It was attempted to make a dead copy by making laser light incident at one direction on the hologram recorded area 400 of the card (the image-recorded article) according to the present Example. As a result, only part of the information pattern comprised of the letters "OK" was reproducible. Hence, it was difficult to forge or falsify the card.

EXAMPLE 16 Preparation of intermediate transfer medium:

--Composition of release layer coating material--The same composition as the release layer coating material in Example 1.

--Composition of hologram forming layer coating material--The same composition as the hologram forming layer coating material in Example 1.

--Composition of image-receiving adhesive layer coating material--The same composition as the image-receiving adhesive layer coating material in Example 1.

To the surface of a base sheet comprised of a 12 μm thick biaxially oriented polyethylene naphthalate film (trade name: TEONEX; available from Teijin Limited; degree of polymerization: 79 to 87), the release layer coating material was applied using a gravure coater so as to be in a dried coating weight of 2.0 g/m , followed by drying to form a release layer. To the surface of this layer, the hologram forming layer coating material was applied using a gravure coater so as to be in a dried coating weight of 1.0 g/m2, followed by drying to form a hologram forming layer. After aging at 50° C. for 72 hours, the hologram forming layer and a hologram pattern forming surface of a hologram stamper (not shown) were put together using a pressing machine to carry out embossing under heating and pressing conditions of 150° C. and 40 kg/cm to form a land-and-groove pattern on the hologram forming layer.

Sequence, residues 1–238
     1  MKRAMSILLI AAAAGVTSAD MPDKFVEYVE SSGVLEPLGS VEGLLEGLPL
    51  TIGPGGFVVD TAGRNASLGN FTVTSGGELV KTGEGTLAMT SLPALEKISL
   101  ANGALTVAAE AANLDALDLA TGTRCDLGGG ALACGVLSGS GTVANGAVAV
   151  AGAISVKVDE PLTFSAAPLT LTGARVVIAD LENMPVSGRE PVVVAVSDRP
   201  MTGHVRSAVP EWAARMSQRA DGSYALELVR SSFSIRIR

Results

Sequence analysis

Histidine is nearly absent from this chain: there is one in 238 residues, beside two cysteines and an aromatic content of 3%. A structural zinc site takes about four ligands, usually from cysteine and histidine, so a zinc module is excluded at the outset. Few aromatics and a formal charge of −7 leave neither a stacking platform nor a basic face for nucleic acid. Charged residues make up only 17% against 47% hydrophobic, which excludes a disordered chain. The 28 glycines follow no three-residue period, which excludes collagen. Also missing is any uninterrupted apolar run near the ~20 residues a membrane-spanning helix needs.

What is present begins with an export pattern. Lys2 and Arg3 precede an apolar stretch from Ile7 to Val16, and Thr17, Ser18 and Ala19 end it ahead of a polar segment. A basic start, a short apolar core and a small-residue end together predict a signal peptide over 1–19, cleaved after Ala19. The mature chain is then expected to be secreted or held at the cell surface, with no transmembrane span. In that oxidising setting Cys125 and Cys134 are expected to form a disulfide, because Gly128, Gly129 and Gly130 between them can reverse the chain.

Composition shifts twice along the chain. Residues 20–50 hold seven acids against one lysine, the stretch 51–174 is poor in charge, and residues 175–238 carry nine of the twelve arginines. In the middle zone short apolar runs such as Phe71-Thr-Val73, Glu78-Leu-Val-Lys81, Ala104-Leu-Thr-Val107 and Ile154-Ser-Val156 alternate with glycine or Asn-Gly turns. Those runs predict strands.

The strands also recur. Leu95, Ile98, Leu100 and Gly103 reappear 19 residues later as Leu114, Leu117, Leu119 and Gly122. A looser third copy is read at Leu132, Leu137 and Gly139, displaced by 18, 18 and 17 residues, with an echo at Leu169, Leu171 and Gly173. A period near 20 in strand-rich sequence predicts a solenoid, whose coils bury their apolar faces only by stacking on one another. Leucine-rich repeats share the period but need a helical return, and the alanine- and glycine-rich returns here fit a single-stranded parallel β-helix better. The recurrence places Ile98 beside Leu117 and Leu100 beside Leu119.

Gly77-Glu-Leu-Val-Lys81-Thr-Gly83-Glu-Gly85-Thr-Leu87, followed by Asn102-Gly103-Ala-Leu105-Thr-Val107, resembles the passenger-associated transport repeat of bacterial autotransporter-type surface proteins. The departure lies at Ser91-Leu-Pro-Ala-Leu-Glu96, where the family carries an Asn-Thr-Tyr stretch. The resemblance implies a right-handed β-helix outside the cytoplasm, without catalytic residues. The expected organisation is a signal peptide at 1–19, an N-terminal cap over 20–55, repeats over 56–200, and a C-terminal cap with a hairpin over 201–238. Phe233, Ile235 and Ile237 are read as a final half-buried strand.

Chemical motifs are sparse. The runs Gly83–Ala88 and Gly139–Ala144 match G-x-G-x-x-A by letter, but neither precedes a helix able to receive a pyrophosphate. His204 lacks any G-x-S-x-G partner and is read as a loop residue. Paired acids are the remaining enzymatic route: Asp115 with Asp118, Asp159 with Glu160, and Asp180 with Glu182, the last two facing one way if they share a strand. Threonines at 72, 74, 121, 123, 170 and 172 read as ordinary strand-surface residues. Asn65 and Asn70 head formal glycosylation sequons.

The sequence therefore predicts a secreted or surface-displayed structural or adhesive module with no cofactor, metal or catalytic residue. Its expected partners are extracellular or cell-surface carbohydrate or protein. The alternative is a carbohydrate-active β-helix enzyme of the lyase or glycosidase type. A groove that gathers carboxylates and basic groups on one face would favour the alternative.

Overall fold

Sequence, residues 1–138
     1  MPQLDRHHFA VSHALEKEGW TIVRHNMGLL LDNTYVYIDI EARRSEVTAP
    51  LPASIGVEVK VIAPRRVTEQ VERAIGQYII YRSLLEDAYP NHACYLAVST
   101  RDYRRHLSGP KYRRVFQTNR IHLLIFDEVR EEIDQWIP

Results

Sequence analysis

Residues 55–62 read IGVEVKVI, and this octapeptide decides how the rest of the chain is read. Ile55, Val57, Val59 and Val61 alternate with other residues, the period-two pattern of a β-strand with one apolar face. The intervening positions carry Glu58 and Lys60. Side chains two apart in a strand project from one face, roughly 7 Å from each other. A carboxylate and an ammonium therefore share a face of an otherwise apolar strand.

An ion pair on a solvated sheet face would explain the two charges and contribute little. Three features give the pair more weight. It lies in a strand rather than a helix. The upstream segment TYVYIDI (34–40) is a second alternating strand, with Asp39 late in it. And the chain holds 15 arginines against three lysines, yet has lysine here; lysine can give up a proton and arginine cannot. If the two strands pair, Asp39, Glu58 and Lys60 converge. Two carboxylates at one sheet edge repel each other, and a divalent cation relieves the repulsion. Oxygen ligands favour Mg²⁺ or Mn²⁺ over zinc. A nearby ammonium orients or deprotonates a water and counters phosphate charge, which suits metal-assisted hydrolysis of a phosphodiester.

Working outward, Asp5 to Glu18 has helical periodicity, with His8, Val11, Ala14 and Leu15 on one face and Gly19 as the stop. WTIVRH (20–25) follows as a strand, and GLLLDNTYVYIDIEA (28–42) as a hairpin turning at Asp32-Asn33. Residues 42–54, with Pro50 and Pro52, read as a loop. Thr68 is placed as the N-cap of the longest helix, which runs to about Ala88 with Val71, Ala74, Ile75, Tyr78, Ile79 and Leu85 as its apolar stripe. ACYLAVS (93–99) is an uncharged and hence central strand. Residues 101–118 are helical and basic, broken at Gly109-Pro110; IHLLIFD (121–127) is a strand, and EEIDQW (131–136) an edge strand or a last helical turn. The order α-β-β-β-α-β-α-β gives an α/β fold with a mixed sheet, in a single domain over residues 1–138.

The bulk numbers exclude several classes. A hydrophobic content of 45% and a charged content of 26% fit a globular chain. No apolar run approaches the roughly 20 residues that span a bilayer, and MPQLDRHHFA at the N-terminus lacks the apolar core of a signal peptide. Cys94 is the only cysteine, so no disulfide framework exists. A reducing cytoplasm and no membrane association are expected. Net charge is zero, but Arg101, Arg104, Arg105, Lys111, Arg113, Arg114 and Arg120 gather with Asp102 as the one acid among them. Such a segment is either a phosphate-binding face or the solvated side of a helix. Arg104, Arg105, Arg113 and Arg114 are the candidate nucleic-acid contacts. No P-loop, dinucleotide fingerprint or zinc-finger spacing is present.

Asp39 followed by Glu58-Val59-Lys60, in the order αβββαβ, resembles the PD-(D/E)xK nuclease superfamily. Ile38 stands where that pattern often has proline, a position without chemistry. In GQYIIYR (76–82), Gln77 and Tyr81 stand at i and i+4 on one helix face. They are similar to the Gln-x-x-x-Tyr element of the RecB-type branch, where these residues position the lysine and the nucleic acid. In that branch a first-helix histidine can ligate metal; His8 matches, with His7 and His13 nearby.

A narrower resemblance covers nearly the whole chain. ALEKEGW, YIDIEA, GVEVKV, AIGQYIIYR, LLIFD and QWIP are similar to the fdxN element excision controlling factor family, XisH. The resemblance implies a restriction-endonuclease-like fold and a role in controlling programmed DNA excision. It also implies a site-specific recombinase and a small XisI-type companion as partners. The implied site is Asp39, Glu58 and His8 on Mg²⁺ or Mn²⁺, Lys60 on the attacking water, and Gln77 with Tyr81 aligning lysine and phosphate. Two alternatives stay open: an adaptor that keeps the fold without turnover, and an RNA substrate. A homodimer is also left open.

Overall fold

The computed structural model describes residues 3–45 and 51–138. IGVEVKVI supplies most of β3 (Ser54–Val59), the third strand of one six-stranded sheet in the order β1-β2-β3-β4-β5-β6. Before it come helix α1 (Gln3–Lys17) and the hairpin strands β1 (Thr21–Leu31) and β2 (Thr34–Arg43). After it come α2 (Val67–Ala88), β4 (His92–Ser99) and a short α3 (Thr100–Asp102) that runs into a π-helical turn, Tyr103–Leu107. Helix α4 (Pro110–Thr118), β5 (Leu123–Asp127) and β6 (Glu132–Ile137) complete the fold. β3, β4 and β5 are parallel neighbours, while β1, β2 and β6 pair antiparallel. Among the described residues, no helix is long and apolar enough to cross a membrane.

Next, on the surface of the hologram forming layer provided with the land-and-groove pattern, ZnS was vacuum-deposited in a thickness of about 500 Å to form a transparent thin-film layer. Subsequently, the above image-receiving adhesive layer coating material was applied using a gravure coater so as to be in a dried coating weight of 1.5 g/m2, followed by drying to form an image-receiving adhesive layer. Thus, an intermediate transfer medium was prepared.

Using the intermediate transfer medium thus obtained, a card (an image-recorded article) was produced in the same manner as in Example 1.